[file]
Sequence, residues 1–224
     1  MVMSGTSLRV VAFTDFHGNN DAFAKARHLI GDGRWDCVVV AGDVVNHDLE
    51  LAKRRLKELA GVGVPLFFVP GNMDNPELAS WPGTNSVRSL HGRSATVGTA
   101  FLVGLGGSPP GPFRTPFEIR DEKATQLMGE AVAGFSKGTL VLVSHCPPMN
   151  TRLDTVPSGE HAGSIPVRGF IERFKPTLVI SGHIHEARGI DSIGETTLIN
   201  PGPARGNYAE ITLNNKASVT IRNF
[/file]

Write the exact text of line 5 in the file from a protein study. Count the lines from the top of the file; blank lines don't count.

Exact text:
   151  TRLDTVPSGE HAGSIPVRGF IERFKPTLVI SGHIHEARGI DSIGETTLIN